breonna taylor

Louisville Is Still Demanding Justice for Breonna Taylor

Police officers in riot gear stand near milk jugs broken by two men moments earlier on May 30, 2020 in Louisville, Kentucky. Photo: Brett Carlsen/Getty Images

Two and a half months before Minneapolis police killed George Floyd in broad daylight, Louisville police killed Breonna Taylor in the middle of the night. Unlike Floyd’s case, which ignited immediate protests in the Twin Cities and across the country, it took months for people to take to the streets on behalf of the 26-year-old ER technician and former EMT who was shot dead in her own home. By this weekend, that had changed.

Sunday afternoon, after three consecutive nights of tense protests in downtown Louisville, hundreds of demonstrators — some holding signs, nearly all wearing face masks — gathered outside of the University of Louisville basketball arena on Main Street and yelled Taylor’s name. The “Healing Ceremony,” organized by Black Lives Matter Louisville, began with a breathing exercise, singing, and a prayer. White attendees were asked to turn to black ones and apologize for slavery, for Jim Crow, for mass incarceration, and for the killings of Floyd, Taylor, and Ahmaud Arbery.

“I’m sorry for Breonna,” Jecorey Arthur, a local activist and educator, told the rallygoers, some of them wiping their tears. “You gotta say that one as loud as you can. She came from right here in this city. I’m sorry for Breonna! I’m sorry for Breonna!”

Arthur, like many protesters in Louisville, called for the firing and arrest of the police officers involved in Taylor’s shooting. On March 13, three members of the Louisville Metro Police Department burst into the 26-year-old’s apartment at 12:40 a.m. as a part of a drug investigation. Taylor’s boyfriend, Kenneth Walker, believed someone was breaking in and fired his legal firearm one time. Police returned fire, and Taylor was shot eight times. She died on her hallway floor.

While none of the officers involved in Taylor’s killing have been arrested, Walker was. He was charged with attempted murder. Last Tuesday, more than ten weeks after Taylor was shot and after the case began to receive national attention, the charges were dropped. Officers Jonathan Mattingly, Brett Hankison, and Myles Cosgrove, meanwhile, remain on administrative leave pending the results of an investigation.

“There is no reason why those officers should still be employed,” said State Representative and U.S. Senate candidate Charles Booker, who was tear-gassed at protests Saturday and spoke at Sunday’s rally. “I know an investigation is happening, but we can see what’s right before our faces, that law enforcement kicked in their door, no one knew who was coming in, it was in the dead of night, they killed a woman that was doing everything right, and her partner that was defending her was arrested and charged with attempted murder.”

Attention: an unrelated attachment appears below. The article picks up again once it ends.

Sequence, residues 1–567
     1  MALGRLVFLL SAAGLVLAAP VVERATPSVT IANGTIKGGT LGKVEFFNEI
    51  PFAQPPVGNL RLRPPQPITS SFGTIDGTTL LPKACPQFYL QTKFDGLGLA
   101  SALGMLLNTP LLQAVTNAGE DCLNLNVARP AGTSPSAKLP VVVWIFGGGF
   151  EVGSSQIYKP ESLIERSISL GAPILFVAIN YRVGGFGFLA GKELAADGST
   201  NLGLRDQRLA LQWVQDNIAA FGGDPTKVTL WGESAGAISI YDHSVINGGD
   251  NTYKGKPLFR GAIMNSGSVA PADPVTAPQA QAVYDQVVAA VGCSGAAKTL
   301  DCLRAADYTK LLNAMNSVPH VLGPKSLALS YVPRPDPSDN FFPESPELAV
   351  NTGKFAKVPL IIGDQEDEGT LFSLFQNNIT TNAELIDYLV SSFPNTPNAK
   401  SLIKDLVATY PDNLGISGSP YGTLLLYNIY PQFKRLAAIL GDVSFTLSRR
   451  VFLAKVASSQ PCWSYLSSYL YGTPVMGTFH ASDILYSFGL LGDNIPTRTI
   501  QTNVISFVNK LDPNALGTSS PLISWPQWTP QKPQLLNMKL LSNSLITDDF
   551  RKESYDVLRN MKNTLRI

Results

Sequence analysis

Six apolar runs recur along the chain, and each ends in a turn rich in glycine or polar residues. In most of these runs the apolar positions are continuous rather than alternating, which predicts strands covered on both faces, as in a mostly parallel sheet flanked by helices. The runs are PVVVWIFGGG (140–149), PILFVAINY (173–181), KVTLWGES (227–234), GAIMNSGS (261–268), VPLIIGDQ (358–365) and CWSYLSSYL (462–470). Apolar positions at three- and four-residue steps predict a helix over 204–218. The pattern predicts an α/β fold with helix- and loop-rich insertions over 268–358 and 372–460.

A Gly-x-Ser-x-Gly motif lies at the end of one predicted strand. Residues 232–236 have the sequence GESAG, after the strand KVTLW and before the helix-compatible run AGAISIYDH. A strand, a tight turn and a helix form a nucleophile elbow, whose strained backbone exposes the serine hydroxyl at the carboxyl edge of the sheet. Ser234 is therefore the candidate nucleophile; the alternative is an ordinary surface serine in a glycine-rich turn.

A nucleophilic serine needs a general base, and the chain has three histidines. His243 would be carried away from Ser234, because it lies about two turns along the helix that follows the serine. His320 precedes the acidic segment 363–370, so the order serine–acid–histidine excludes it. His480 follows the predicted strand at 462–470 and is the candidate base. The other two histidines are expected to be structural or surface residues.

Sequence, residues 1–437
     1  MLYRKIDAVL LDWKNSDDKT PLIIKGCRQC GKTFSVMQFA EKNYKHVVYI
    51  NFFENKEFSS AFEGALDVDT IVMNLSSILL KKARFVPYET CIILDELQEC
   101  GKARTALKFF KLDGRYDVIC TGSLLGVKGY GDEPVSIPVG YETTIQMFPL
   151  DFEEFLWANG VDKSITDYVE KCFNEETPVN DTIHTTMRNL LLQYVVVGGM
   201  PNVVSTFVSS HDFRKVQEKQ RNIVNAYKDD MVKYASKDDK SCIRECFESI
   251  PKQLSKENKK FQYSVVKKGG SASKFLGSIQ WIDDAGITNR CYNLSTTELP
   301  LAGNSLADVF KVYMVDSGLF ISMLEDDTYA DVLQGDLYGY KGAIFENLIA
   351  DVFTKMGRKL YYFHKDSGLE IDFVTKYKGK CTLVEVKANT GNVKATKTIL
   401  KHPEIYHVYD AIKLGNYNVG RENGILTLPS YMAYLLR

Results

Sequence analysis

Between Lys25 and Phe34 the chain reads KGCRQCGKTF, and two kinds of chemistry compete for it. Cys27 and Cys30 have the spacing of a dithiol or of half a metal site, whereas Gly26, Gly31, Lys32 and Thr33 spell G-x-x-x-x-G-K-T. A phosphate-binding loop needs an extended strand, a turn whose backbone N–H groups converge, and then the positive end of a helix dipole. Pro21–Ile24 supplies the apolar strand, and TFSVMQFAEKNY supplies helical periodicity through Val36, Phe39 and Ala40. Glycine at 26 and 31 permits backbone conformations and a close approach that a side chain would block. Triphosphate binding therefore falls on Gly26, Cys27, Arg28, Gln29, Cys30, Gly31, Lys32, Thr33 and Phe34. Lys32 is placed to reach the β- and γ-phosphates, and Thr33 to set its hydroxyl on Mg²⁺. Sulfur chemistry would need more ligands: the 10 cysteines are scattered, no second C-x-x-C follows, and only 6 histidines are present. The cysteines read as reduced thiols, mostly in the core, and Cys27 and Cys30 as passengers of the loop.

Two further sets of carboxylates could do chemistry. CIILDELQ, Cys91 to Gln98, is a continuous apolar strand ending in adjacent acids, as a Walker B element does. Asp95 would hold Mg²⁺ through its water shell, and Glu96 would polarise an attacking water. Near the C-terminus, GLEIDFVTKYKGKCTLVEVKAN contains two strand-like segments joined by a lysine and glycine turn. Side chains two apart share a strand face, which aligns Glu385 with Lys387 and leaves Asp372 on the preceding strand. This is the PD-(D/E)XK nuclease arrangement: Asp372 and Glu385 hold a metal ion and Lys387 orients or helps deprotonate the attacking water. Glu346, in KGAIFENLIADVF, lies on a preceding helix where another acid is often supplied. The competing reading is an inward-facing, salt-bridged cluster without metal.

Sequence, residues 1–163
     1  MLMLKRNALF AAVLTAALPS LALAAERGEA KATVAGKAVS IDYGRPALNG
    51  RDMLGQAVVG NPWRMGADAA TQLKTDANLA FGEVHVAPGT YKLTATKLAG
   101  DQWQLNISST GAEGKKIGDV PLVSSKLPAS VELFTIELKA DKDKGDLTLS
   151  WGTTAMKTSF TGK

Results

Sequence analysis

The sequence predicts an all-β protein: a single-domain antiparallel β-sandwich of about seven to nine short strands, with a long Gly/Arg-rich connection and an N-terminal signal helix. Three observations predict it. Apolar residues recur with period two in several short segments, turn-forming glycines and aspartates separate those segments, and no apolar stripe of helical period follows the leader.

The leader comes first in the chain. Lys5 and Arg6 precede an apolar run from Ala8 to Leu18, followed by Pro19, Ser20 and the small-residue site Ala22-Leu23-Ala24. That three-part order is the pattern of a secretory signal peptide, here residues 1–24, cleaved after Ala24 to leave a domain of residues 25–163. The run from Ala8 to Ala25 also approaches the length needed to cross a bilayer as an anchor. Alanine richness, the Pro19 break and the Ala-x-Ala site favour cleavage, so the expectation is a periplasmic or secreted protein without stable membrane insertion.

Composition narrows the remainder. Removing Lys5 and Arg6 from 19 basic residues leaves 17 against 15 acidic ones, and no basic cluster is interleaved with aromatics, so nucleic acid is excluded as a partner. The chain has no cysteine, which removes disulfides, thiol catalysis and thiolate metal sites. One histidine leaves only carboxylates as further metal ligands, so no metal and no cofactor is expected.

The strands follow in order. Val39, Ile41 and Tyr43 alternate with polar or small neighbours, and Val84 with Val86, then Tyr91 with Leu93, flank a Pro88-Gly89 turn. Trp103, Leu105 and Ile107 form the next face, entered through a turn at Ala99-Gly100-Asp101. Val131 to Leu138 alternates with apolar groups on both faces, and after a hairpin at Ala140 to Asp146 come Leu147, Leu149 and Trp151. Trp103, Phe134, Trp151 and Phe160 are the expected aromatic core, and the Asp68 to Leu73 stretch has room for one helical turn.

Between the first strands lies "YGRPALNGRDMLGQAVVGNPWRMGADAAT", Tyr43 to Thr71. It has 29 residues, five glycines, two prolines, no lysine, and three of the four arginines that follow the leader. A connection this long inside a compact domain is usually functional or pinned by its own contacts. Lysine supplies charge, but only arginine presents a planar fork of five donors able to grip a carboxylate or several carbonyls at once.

So far, the city has responded with a series of corrective measures. Mayor Greg Fischer suspended the use of “no-knock” warrants, which officers had on the night Taylor was killed, though they say they announced themselves anyway. The use of body cams is also being expanded to include plainclothes officers like the ones who kicked down Taylor’s door. A civilian review board will also be put together to provide oversight for the police department.

The delay in firing the officers who broke down Taylor’s door and ended her life stands in contrast to the aftermath of George Floyd’s killing last week. Within days, the four Minneapolis officers involved were fired, and Derek Chauvin, who held his knee on the 46-year-old’s neck for eight minutes, was arrested.

“There’s no reason why someone should break into your home unannounced and come in and shoot you and kill you,” says Ashley, a 30-year-old Louisville native who declined to give her last name. She held a sign at Sunday’s rally that read “The world needs good cops, not good old boys.” Her negative experience with the police department in this highly segregated city goes back to her teenage years.

“LMPD has always been aggressive,” she said. “I remember being 17 and me and my friends were sitting out on the porch and the police officer telling my friend, ‘I shoot little black boys in the back like you all the time.’”

Now, she said, her son is 15, and she worries about getting a phone call like the one Taylor’s mother got in March: “We can’t walk down the street. We can’t sleep. We can’t go to the store to buy Skittles and juice. We can’t do nothing without the police killing us. And then it’s like, oh well, nothing happens. No more.”

The LMPD’s image has not benefited during the weekend’s protests. One law enforcement officer was caught on camera Friday night shooting rubber bullets at a reporter. On Saturday, police ransacked a supply of milk and water protesters had set aside because they were deemed “hazardous.” And Sunday, officers fired tear gas at peaceful protestors 40 minutes before the city’s curfew went into effect. When asked why, one local lawmaker explained that “police saw people approaching that had leaf blowers loaded with bleach.”

It’s little wonder that John Randolph is feeling cynical. A local minister who gave a prayer at the start of Sunday’s rally and wore a shirt with the phrase “I can’t breathe,” Randolph said the weekend’s protests were the result of people who are frustrated and at their “wits’ end.”

“We have been fighting this fight for a very long time,” he said. “There are countless names even just in this city that have died in police custody, that have died at the hands of police and nobody has gone to jail. The cynical side of me says that this is just another iteration of what’s been going on in the past. But I’m a faith leader, so I have hope.”

Louisville Is Still Demanding Justice for Breonna Taylor